■ The Fizz star Cheryl Baker says swapping her Bethnal Green council flat for a three-bed semi was a dream come true
CHERYL BAKER, 64, shot to fame in 1981 as part of the Eurovision-winning pop group Bucks Fizz. After a bit of a reshuffle — Bobby G has been replaced with Bobby McVey — they are now called The Fizz. Cheryl and pals can be seen performing their hits at retro summer festivals.
What was the first property you bought?
It was a four-bedroom, semi-detached house in Basildon — I bought it for my parents in 1983. Six months later, I bought my first house for myself — a three-bedroom, semi-detached chalet bungalow in Eltham. It was really pretty — it had a beautiful garden and was surrounded by roses. I painted it pink. I was born in a council flat in Bethnal Green and I was still living there with my parents when Bucks Fizz won Eurovision. I bought my house because I’d lived in a flat my whole life. I still remember the first morning I woke up in my house and walked out into my own garden — it meant the world. I’d never had a garden before. I vowed then I’d never live in a flat again and I never have.
You turned down the chance to buy your parents’ council flat…
Yes, when we were about to move out, we were offered the chance to buy it for £11,000. We said no. It’s now worth £500,000. You live and learn. No one knew Bethnal Green would become fashionable one day. Look at Shoreditch — when I was growing up it was the place all the drunks went.
Why did you buy a holiday home in Cape Verde?
I bought it just before the financial crash — I thought it would go up in value, but quite soon afterwards it was worth half the amount I paid for it. I’m hanging onto it, hoping it will eventually go up in value. I signed on the dotted line just before the bottom fell out of the worldwide property market.
Would you advise other people to buy overseas?
I thought Cape Verde was the next big thing, and it will be. The infrastructure is all being put in place, I just bought at the wrong time. If you’re happy going to the same place every time you go on holiday, then do it. But, on the other hand, I could have spent the amount it cost on an awful lot of holidays anywhere.
What’s the biggest renovation you’ve done?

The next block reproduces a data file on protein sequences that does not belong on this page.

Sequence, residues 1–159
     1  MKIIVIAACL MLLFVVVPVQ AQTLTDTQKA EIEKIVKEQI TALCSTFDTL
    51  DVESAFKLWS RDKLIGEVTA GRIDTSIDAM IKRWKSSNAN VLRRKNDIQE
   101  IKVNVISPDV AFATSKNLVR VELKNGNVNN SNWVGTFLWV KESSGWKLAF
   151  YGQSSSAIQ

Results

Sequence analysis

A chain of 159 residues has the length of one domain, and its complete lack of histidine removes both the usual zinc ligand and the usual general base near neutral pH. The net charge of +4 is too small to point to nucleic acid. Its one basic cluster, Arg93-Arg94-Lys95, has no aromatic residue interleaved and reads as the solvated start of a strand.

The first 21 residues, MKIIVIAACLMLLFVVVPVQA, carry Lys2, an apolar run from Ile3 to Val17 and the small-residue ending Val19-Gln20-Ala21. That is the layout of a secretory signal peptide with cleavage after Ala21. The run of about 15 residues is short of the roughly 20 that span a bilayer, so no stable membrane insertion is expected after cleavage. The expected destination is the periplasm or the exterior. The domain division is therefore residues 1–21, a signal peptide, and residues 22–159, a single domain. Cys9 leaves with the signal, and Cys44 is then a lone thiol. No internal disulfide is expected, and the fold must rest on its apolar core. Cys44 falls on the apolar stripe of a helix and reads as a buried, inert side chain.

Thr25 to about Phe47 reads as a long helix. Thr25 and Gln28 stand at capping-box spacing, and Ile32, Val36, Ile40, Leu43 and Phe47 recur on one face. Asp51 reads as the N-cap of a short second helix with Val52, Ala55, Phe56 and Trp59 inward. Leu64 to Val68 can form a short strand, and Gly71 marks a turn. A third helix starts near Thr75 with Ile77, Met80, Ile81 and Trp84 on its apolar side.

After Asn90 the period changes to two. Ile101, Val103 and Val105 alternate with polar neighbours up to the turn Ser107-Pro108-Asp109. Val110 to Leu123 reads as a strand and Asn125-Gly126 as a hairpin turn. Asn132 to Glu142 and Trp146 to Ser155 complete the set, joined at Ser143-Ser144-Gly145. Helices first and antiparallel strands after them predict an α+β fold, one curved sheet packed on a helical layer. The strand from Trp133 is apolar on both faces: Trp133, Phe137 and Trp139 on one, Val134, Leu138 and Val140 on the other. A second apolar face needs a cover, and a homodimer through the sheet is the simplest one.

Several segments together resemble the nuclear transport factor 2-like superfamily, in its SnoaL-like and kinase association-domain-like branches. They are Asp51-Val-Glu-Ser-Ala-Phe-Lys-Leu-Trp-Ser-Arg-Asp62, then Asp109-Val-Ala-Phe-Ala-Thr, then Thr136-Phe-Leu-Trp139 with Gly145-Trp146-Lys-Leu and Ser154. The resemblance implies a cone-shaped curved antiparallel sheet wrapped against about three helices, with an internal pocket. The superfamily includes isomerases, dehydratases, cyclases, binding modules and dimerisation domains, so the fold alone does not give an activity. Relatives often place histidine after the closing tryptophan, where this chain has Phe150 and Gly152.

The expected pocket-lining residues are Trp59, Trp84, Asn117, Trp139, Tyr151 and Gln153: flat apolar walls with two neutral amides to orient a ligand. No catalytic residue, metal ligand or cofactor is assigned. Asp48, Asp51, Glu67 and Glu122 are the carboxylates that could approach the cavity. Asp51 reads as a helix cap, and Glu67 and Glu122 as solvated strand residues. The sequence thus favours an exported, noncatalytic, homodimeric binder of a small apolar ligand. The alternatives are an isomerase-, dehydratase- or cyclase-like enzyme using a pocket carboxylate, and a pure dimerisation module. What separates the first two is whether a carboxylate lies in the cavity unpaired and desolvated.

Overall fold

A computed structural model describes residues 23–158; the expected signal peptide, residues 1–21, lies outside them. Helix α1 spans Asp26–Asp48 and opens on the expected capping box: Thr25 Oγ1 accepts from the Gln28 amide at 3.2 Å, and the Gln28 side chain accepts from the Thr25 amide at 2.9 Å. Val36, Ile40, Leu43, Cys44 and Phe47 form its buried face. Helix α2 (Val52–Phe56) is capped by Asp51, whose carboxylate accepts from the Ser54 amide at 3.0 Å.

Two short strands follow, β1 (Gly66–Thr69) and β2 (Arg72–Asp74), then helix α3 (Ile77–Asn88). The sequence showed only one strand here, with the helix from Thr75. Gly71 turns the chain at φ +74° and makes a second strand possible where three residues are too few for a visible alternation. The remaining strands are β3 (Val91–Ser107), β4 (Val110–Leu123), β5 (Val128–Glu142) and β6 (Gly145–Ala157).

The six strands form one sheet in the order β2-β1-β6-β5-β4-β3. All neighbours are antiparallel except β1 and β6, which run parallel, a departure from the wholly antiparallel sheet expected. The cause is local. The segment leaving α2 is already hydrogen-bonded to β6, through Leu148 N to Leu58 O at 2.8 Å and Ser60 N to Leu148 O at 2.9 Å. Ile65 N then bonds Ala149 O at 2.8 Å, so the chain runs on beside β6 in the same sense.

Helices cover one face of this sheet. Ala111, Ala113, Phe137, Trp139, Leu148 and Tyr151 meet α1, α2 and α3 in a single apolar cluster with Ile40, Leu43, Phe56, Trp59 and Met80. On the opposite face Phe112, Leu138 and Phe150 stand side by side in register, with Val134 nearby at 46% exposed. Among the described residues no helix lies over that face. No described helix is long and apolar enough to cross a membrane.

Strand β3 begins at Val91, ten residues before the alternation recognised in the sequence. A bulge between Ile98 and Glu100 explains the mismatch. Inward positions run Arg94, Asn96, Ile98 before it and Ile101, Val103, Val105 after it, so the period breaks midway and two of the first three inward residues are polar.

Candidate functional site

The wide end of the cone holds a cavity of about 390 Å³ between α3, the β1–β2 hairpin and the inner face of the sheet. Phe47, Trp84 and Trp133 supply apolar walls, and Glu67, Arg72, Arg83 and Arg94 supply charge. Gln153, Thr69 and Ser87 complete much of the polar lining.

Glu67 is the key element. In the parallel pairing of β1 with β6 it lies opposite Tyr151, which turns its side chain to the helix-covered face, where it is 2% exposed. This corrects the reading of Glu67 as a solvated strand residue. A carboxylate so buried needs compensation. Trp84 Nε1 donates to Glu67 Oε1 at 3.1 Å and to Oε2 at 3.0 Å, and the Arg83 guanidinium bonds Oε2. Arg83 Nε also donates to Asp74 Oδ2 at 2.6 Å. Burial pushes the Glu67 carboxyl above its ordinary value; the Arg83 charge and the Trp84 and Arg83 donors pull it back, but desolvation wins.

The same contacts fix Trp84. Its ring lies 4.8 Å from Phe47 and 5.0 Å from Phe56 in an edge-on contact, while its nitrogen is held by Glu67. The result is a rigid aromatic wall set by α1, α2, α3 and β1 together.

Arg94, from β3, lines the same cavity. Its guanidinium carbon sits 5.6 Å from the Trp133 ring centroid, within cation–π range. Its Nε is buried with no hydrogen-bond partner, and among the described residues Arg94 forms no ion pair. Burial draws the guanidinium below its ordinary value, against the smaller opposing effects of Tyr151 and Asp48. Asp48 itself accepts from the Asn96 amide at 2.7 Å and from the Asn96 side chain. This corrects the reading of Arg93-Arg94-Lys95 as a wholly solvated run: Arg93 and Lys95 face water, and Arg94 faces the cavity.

We built a house in Kent. We’d bought a house that was a bit dismal but the grounds were fabulous. It had a three-acre garden and orchards. We gutted the original house and turned it into an annexe for my husband’s parents and built a new seven-bed house next to it. It had the kitchen I’d always wanted — a big island, a larder… the kitchen of your dreams if you’d grown up in a council flat with a tiny little kitchen. We had a patio and a herb garden and we built a tennis court. It was wonderful.
What were the biggest challenges?
We were on holiday and the builders had dug the footings for garages right next to the kitchen. I came home and said, ‘Absolutely not, the garages are not here. I don’t want the cars next to the kitchen. I want to walk out of my kitchen into the herb garden. I want it all tranquil.’ It cost us money but they did it all again. We had a massive driveway. It was like a hotel driveway — with a roundabout.
Where are you now?
We downsized slightly when my husband’s parents passed away. Again, we’ve got an orchard and we look out over the Kent countryside. It’s lovely.
How would you describe your interiors taste?
I like a lot of light and colour. I was a bit of a hippie in the 1970s so my taste is like that. I’m comfortable — I’m not modern and minimalist. I love having photos up and remembering happy times. I’ve turned the guest loo into a gallery of friends and family. I’ve put the gold discs up in the dining room so people see them when we have a dinner party.
What would be a dream home?
I’m quite happy where I am. I’m a very content person. If people ask if my glass is half full or half empty, I say it’s overflowing. I’m lucky.
■ The Fizz perform at Rewind North, August 3-5, rewindfestival.com
All about… Bethnal Green
BETHNAL Green is in the London borough of Tower Hamlets — it can trace its name back to Anglo Saxon times and underwent a population explosion in the 19th century.
The area was heavily bombed in World War II and a monument was unveiled last year to the 173 people who were crushed to death at Bethnal Green Underground station in 1943 during an air raid. Like many areas of east London, Bethnal Green has undergone gentrification and its transport links make it an attractive area for commuters.
The majority of sales during the last year were flats, selling for £511,061 on average. Terraced properties sold for an average of £888,719, with detached properties fetching £1.14million. Overall sold prices in Bethnal Green over the last year were 14 per cent up on 2015, rightmove.co.uk